As 2.35 million Israeli children head back to school this week, the National Library of Israel is hoping that a new Back to School online project in collaboration with Facebook Israel will help fill in missing information on many of its rare historic photographs.
More than a thousand pictures of schoolchildren from the 1950s to the 1990s have been uploaded to the NLI’s Facebook page, with an invitation to the general public to share the images and thereby help identify the people shown and provide related stories and context.
The photos were taken by professional photographers employed by the Dan Hadani Photo Service, whose archive of over a million photos is today part of the Pritzker Family National Photography Collection at the NLI, the world’s largest collection of photographs of Israel.
אולי הילדה בתמונה זו את?צפו בסרטון ובו תמונות של ילדי ישראל משנות ה-50 עד שנות ה-90 בבתי ספר שונים, וזהו את עצמכם, את ההורים ואת החברים בתמונות. חוזרים ללימודים עם הספרייה הלאומית בשיתוף פייסבוק ישראל – הצלחתם לזהות? כתבו לנו בתגובות! ????????לא מופיעים בסרטון? נסו לזהות באלבומים:ילדי שנות ה-60-50 >> https://www.facebook.com/pg/NationalLibraryIsrael/photos/?tab=album&album_id=2390960334283657ילדי שנות ה-70 >> https://www.facebook.com/pg/NationalLibraryIsrael/photos/?tab=album&album_id=2390968734282817ילדי שנות ה-90-80 >> https://www.facebook.com/pg/NationalLibraryIsrael/photos/?tab=album&album_id=2390979187615105
פורסם על ידי הספרייה הלאומית ב- יום ראשון, 25 באוגוסט 2019
Looking at the mostly unnamed children, questions arise in the viewer’s mind:
Who is the boy from Kibbutz Beit Alfa working the sewing machine in 1961?
How did the chess-playing boarding-school girls make out in life?
Did the young man on the Tel Aviv University computer in 1976 become part of Israeli high-tech scene?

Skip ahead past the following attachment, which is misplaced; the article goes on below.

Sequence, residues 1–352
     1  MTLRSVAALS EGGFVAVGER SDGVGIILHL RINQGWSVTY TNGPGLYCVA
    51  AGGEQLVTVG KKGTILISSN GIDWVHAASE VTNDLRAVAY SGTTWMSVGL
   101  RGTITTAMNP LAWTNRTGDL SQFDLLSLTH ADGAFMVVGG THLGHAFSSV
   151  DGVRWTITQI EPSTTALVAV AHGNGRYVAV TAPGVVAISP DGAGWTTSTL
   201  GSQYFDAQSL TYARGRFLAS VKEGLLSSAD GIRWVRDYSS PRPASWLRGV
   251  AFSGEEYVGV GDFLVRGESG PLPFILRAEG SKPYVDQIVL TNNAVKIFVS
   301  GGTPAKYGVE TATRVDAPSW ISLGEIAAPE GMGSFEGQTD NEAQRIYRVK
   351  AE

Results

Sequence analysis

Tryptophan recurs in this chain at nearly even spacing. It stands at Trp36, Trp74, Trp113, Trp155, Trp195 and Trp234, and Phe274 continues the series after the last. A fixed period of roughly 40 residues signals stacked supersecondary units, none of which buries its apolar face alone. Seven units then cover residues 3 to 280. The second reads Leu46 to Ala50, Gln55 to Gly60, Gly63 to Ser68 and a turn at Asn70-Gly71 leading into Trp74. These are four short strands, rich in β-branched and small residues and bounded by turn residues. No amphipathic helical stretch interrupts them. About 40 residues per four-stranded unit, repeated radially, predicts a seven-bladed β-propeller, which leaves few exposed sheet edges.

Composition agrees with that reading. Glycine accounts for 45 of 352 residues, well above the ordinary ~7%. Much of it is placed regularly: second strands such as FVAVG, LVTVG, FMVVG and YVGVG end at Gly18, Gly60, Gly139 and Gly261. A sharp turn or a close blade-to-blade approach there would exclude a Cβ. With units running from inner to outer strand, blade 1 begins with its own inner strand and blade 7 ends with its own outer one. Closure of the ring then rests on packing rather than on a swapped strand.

Happily, only a few days after releasing the photos, valuable information is already being supplied by Facebook users.
For example, a 1969 picture currently labeled “Student strike” has elicited the comment: “This is not a strike but a demonstration for the release of Salah Mu’allem and Prof. Shlomo Samueloff, whose airplane was hijacked to Damascus” – referring to the August 1969 hijacking of TWA Flight 840 – and notes that Samueloff had been the commenter’s professor at the Hebrew University-Hadassah School of Medicine.
Others are identifying their childhood and teenaged selves, friends and acquaintances. A 1976 photo series of seemingly desultory teens turns out to be a group of idealistic youth volunteering in the development town of Kiryat Shmona prior to their army service.
Here and there are minor celebrity sightings, as in a photo labeled, “Sharona Marsh chosen as the world beauty girl returned finally to school after touring the glorious world.”
Marsh – one of Tel Aviv’s na’arotzohar (Hebrew for “glamour girls”) – went on to a successful modeling career in the 1970s and ’80s. With Facebook’s help, her friends in the photo will also be recognized, and their names preserved in the NLI archives.
Facebook’s “tag photo” feature is not enabled, apparently out of privacy considerations. Therefore, contributions to the project must be input as comments, which are then reviewed by NLI staff.
The Back to School photo ID project follows the success of the joint NLI-Facebook “Naming the Soldiers” project where, in honor of Israel’s 71st Independence Day, the public was invited to identify people in historic images of IDF soldiers.
In the case of a 1973 photo, originally labeled simply, “Dvora Havkin and her group, performing before soldiers,” not only were all of the previously anonymous soldiers identified, but the story of that IDF unit also came to light.
Here’s hoping the “Back to School” project will benefit from similar rewards.